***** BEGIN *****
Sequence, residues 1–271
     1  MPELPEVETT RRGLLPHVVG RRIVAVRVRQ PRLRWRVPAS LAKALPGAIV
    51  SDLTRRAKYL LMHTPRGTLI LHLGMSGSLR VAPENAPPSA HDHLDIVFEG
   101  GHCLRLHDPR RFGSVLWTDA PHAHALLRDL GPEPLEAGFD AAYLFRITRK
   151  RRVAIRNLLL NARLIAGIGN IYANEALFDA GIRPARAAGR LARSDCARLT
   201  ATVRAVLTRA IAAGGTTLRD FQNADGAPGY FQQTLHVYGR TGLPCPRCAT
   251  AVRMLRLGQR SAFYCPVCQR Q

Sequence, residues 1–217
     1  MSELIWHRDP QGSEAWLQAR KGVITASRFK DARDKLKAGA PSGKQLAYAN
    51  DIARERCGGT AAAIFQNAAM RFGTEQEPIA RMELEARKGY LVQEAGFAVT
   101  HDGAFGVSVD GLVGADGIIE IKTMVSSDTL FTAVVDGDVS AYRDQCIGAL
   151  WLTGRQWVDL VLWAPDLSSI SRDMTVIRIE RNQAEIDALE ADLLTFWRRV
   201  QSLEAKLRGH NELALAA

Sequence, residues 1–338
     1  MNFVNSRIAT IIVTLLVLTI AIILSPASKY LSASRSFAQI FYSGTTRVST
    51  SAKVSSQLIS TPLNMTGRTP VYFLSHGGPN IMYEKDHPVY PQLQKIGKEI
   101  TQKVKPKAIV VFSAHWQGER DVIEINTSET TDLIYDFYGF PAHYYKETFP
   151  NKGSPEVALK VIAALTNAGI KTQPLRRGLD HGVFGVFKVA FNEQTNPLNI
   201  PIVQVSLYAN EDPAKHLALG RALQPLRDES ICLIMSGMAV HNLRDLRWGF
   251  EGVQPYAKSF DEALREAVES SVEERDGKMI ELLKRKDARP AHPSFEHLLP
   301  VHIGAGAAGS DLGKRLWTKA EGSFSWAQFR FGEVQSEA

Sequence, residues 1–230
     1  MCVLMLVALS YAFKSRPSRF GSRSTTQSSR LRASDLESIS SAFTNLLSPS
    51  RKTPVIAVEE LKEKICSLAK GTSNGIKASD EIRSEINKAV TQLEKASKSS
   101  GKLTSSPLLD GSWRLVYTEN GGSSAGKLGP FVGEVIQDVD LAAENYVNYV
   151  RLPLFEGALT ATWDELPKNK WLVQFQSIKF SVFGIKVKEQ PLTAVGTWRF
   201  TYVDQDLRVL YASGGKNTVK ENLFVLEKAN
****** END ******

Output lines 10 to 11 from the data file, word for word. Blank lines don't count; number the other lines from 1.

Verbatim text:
    51  DIARERCGGT AAAIFQNAAM RFGTEQEPIA RMELEARKGY LVQEAGFAVT
   101  HDGAFGVSVD GLVGADGIIE IKTMVSSDTL FTAVVDGDVS AYRDQCIGAL